In a further embodiment within the scope of the present invention, an attenuation equalizer for a cable having a characteristic impedance is provided, and comprises: a first circuit element comprising a series connection of a first inductor, a first resistor, and a first capacitor; a parallel resistor in parallel with the first circuit element to form a second circuit element; a second resistor in series with the second circuit element; a third circuit element comprising a parallel connection of a second inductor, a second capacitor, a third resistor, and a pad capacitor, the third circuit element in series with the second resistor and connected to a ground. The attenuation equalizer has a D.C. attenuation and a lower corner frequency determined by the above-described method, the parallel resistor has a value responsive to the D.C. attenuation and the characteristic impedance, the first capacitor has a value responsive to the value of the parallel resistor and the lower corner frequency, the first inductor and the first resistor each have a value responsive to the value of the first capacitor, the second inductor has a value responsive to the value of the first capacitor and the characteristic impedance, the second resistor has a value responsive to the value of the parallel resistor and the characteristic impedance, the value of the pad capacitor has a value responsive to the value of the second inductor, and the value of the second capacitor has a value responsive to the values of the first inductor and the pad capacitor, and the characteristic impedance.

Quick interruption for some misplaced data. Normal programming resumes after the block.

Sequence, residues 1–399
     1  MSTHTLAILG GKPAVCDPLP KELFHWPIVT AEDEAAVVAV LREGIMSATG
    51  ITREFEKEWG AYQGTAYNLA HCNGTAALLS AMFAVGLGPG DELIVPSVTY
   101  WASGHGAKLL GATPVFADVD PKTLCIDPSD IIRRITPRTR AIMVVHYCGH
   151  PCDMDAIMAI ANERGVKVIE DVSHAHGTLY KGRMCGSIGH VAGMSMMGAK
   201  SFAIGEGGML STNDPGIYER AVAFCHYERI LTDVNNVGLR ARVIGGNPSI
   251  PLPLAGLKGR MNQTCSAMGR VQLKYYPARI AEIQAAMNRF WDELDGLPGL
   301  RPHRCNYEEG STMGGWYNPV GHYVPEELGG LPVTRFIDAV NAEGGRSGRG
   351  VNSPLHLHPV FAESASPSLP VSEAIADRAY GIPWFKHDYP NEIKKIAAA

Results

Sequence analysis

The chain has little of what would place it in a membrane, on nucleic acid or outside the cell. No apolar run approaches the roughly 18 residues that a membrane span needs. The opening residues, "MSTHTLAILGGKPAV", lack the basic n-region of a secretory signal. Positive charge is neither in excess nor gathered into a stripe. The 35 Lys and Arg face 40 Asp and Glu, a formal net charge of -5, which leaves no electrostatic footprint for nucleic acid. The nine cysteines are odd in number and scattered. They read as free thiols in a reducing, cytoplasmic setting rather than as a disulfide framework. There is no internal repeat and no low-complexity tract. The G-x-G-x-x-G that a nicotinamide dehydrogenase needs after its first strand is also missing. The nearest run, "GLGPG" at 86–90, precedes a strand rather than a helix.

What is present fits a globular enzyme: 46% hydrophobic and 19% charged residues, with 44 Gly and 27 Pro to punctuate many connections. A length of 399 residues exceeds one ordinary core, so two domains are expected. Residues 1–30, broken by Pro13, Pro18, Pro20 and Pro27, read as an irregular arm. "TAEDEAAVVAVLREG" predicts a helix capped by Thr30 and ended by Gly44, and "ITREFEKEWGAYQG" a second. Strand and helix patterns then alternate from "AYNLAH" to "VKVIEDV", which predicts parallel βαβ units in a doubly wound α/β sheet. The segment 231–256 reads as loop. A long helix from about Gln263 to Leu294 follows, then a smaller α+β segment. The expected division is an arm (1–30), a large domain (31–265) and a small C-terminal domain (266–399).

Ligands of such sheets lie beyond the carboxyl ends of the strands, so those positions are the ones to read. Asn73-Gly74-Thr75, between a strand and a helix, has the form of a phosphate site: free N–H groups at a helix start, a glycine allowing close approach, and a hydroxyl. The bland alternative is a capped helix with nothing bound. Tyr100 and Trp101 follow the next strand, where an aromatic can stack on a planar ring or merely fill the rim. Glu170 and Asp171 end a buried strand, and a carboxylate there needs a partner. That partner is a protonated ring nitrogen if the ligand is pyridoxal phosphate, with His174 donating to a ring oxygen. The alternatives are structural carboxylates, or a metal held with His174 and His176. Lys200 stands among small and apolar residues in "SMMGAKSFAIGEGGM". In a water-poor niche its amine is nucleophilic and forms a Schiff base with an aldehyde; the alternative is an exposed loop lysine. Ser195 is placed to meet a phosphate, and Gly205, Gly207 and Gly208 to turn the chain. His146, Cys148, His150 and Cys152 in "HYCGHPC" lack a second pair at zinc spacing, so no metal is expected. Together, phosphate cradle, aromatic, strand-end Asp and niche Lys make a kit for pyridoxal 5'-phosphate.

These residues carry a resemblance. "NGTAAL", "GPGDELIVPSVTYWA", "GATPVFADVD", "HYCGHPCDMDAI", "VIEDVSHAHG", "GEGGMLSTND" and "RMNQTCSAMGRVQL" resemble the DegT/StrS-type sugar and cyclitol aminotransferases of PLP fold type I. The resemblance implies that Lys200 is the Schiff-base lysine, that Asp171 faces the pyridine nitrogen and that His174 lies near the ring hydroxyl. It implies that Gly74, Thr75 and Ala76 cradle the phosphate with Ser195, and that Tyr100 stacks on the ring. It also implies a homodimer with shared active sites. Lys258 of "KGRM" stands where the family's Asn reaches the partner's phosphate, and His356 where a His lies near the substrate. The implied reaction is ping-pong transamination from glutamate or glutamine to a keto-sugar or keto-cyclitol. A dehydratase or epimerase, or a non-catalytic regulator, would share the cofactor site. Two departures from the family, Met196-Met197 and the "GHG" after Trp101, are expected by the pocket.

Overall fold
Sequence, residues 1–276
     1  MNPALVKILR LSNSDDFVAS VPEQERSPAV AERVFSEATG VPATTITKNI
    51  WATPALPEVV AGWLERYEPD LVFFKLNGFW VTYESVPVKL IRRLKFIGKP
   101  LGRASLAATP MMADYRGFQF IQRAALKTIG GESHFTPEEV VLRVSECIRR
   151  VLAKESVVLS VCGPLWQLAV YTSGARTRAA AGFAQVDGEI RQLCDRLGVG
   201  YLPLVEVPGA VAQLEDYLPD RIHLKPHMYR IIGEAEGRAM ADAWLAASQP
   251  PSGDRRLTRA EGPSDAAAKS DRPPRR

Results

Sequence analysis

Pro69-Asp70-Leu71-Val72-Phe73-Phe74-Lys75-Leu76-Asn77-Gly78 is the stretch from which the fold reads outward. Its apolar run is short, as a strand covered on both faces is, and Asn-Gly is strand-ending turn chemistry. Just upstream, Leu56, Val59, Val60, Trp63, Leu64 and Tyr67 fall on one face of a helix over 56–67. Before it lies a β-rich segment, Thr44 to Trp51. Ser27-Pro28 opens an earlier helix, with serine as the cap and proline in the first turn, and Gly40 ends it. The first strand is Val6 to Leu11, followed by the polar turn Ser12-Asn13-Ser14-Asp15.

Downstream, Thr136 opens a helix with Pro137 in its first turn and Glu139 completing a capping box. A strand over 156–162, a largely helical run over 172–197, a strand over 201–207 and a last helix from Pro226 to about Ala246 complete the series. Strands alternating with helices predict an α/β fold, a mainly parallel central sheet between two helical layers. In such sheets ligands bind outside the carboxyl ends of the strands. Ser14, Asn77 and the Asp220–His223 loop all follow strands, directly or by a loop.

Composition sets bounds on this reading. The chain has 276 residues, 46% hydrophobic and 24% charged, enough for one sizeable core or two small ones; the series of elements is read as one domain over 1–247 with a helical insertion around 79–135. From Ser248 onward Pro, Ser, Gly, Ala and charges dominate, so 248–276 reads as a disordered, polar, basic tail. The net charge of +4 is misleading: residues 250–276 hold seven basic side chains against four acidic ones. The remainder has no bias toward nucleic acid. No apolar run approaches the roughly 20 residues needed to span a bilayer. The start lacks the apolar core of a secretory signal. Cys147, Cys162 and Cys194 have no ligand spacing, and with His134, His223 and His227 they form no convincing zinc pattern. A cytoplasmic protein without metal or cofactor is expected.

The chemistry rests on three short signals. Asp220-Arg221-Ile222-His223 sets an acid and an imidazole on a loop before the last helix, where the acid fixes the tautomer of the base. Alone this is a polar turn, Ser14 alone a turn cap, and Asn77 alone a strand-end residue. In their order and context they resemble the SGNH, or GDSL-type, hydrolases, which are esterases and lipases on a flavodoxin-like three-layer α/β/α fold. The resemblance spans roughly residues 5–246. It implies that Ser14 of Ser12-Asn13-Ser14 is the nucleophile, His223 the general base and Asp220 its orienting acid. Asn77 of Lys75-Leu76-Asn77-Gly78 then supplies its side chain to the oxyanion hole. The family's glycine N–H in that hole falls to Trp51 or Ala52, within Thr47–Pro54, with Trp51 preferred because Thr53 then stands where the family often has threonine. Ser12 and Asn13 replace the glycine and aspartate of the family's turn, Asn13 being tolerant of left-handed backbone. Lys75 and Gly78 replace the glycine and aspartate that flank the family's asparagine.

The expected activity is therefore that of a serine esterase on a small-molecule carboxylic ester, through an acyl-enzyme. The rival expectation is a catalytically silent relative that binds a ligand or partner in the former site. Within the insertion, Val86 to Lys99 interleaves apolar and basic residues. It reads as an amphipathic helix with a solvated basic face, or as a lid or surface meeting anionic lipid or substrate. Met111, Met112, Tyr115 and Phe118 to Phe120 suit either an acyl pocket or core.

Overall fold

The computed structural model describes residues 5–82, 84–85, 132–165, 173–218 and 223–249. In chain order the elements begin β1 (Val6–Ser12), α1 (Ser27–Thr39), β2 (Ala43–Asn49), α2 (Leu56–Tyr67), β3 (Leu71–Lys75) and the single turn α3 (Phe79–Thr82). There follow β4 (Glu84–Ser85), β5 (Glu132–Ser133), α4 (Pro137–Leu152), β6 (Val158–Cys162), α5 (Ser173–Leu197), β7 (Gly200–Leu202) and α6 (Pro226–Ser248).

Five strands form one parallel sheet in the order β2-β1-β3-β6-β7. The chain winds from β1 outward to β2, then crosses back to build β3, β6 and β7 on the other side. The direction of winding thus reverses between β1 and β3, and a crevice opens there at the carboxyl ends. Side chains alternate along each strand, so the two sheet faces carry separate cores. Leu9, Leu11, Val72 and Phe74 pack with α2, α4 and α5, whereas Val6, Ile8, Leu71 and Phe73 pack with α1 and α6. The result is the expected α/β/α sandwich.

According to further aspects of the invention, the equalizer has the following relationships:

ω1 =1/Rp C1 =2πf1 

L2 =C1 Z0 2 

R3 =Z0 2 /R1 

C2 =L1 /Z0 2 +Cpcbpads 

R2 =Z0 ((Z0 /Rp)-1)

G0 =20 log[1/(1+(Rp (R2 +Z0))/(R2 Z0))]